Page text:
8. #8
    Senior Member Noon's Avatar
    Join Date
    Jul 2010
    Posts
    806

    Default

    Quote Originally Posted by Arclight View Post
    Nothing teaches quite like pain.
    One of the most unpleasant truths

  9. #9
    Honor Thy Inferior Such Irony's Avatar
    Join Date
    Jul 2010
    MBTI
    INtp
    Enneagram
    5w6 sp/so
    Socionics
    LII Ne
    Posts
    5,091

    Default

    do you do it?

    sometimes

    do you have conditions when you allow yourself to do it and others when you don't?

    Mostly when I'm alone or with close family members if they can tolerate me in that state.

    I try to avoid doing it at work as that would affect my productivity and I also work with the public and don't want them to see me wallowing.

    did you stop doing it at a certain age?

    No. I still do it now and then.

    do you gain anything from it?

    Yes and no. I think denying your feelings and acting like everything is ok when it isn't is not a healthy approach. Eventually the feelings will find a way to bite you in the back. On the other hand, I don't think its healthy to wallow too long either. Best to talk to people who know will be supportive or do a hobby or something you enjoy to pull yourself out of the state.

    do you try to feel better and construct a strategy?

    I can't force myself to feel good. I just have to let the bad feelings pass. When in the wallowing state I do try to avoid things that will make me feel even worse then I already do.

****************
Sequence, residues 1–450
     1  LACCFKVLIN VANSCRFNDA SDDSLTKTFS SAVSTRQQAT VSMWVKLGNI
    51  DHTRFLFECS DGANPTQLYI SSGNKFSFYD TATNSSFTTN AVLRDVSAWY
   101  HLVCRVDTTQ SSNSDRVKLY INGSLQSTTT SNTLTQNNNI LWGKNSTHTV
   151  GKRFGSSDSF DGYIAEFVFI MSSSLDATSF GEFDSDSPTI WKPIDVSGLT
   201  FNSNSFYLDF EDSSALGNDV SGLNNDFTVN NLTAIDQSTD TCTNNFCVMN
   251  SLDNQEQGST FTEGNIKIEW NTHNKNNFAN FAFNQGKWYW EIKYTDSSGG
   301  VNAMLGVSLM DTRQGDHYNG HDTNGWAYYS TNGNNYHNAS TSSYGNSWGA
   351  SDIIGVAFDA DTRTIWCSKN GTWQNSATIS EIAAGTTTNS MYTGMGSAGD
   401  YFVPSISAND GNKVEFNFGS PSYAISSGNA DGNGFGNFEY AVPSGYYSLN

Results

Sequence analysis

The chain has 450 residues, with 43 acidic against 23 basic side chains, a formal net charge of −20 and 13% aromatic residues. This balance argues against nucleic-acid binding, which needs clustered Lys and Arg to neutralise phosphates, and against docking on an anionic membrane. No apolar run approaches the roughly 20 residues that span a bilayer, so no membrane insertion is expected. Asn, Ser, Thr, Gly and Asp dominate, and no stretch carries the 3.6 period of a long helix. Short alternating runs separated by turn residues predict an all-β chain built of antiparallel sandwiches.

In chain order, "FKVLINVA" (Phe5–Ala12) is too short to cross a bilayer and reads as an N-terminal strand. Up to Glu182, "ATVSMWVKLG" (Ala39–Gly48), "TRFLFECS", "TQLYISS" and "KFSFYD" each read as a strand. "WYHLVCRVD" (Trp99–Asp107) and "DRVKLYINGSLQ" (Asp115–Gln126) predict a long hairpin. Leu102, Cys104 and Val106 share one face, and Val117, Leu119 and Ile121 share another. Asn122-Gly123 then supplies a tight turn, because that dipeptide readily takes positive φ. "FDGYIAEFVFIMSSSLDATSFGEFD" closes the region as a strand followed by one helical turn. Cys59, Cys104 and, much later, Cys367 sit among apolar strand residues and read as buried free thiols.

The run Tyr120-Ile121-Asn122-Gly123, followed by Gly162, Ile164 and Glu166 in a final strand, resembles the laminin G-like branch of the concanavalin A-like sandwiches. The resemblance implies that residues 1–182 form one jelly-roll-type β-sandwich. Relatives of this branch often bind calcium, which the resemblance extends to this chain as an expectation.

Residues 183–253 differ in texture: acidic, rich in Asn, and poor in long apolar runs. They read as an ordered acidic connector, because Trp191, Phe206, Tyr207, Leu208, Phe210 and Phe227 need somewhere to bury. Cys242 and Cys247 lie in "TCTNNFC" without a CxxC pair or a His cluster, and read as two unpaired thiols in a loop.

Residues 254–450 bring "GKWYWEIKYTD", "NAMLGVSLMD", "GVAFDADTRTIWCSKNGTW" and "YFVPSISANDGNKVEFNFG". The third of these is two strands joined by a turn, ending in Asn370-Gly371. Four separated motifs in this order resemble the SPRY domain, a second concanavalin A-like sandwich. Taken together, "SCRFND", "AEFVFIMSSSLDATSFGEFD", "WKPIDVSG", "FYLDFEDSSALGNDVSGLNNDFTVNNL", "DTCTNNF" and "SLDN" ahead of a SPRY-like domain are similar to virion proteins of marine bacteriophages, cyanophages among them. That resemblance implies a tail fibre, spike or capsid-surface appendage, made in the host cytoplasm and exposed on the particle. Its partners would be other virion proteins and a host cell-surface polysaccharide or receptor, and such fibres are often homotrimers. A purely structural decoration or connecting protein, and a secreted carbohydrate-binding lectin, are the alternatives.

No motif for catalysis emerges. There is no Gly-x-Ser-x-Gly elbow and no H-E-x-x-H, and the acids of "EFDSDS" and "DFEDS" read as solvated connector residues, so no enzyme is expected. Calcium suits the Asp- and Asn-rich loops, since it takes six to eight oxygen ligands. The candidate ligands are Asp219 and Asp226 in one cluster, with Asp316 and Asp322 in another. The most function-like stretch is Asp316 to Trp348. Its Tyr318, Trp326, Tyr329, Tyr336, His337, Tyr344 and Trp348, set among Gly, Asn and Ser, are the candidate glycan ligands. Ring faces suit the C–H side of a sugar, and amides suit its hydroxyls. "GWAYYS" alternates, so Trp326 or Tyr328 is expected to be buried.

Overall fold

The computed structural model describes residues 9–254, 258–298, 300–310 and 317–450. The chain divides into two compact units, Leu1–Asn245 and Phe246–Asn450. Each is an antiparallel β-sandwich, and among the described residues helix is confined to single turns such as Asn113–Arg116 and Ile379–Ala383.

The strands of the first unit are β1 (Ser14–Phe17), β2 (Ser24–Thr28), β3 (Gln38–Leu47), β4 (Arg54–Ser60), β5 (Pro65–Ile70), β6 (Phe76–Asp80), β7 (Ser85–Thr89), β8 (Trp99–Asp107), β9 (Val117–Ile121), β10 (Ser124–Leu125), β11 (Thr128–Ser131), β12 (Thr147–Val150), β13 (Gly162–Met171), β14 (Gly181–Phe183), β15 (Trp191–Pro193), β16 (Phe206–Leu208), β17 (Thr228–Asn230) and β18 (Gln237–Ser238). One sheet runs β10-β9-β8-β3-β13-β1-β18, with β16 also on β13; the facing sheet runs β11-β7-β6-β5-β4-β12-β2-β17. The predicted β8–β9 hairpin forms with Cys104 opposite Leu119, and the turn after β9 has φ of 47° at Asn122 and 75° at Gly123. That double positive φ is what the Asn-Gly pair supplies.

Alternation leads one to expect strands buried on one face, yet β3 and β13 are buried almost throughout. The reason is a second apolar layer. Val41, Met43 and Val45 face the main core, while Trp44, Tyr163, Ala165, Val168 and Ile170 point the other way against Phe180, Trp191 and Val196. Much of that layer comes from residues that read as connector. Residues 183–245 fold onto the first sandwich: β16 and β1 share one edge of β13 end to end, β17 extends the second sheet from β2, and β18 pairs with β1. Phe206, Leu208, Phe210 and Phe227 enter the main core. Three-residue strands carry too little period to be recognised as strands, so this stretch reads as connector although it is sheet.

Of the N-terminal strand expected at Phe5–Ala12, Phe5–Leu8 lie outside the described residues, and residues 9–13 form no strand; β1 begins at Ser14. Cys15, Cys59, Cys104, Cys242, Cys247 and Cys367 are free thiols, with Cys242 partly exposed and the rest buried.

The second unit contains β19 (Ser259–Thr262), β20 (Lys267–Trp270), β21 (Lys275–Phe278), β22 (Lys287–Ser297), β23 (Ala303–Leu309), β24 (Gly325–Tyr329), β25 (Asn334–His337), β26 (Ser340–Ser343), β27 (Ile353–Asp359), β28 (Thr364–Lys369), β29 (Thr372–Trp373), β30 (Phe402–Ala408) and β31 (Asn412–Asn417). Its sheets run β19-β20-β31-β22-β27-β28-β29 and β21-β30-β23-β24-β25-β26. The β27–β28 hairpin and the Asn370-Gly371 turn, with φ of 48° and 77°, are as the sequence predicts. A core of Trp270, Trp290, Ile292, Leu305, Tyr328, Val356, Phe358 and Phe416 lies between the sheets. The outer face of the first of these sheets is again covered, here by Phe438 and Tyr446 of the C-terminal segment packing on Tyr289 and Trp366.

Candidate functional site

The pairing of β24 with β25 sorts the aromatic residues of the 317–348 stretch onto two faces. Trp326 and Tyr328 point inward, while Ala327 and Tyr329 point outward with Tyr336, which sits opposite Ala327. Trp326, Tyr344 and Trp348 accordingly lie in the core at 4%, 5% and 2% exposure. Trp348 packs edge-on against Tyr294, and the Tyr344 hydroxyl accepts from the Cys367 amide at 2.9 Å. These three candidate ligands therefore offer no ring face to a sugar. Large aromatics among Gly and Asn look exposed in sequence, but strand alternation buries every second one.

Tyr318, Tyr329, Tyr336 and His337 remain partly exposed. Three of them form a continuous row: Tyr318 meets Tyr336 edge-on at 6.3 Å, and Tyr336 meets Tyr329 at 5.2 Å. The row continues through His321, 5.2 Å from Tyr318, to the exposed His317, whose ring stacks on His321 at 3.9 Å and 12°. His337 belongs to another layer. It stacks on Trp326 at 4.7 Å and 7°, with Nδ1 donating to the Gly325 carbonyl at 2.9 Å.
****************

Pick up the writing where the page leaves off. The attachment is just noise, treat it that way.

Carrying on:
I construct strategies to avoid having the situation happen again or at least not have it happen as much (not always possible as there will always be disappointments, such is life), or to think about how to cope better the next time it happens

    how quickly does it take?

    It varies. It depends on what caused the wallowing state. Its been as short as a few minutes and as long as several days.

    does some negativity do you good?

    Just in small doses.
    INtp
    5w6 or 9w1 sp/so/sx, I think
    Ravenclaw/Hufflepuff
    Neutral Good
    LII-Ne




  10. #10
    Senior Member cafe's Avatar
    Join Date
    Apr 2007
    MBTI
    INFJ
    Enneagram
    9w1
    Socionics
    INFj None
    Posts
    9,827

    Default

    I allow myself to wallow a bit when something bad happens. I pull myself back together before it starts screwing stuff up in my life. Part of loving and caring for myself involves allowing myself the time I need to process the bad emotions that come from sucky things happening. Another part is not letting the slack I cut myself make my life worse and creating a bad cycle.
    “There are two novels that can change a bookish fourteen-year old’s life: The Lord of the Rings and Atlas Shrugged. One is a childish fantasy that often engenders a lifelong obsession with its unbelievable heroes, leading to an emotionally stunted, socially crippled adulthood, unable to deal with the real world. The other, of course, involves orcs.”
    ~ John Rogers

Similar Threads

  1. Let's wallow in Si
    By Ivy in forum The Bonfire
    Replies: 2
    Last Post: 05-17-2013, 10:35 AM

Posting Permissions

  • You may not post new threads
  • You may not post replies
  • You may not post attachments
  • You may not edit your posts
Single Sign On provided by vBSSO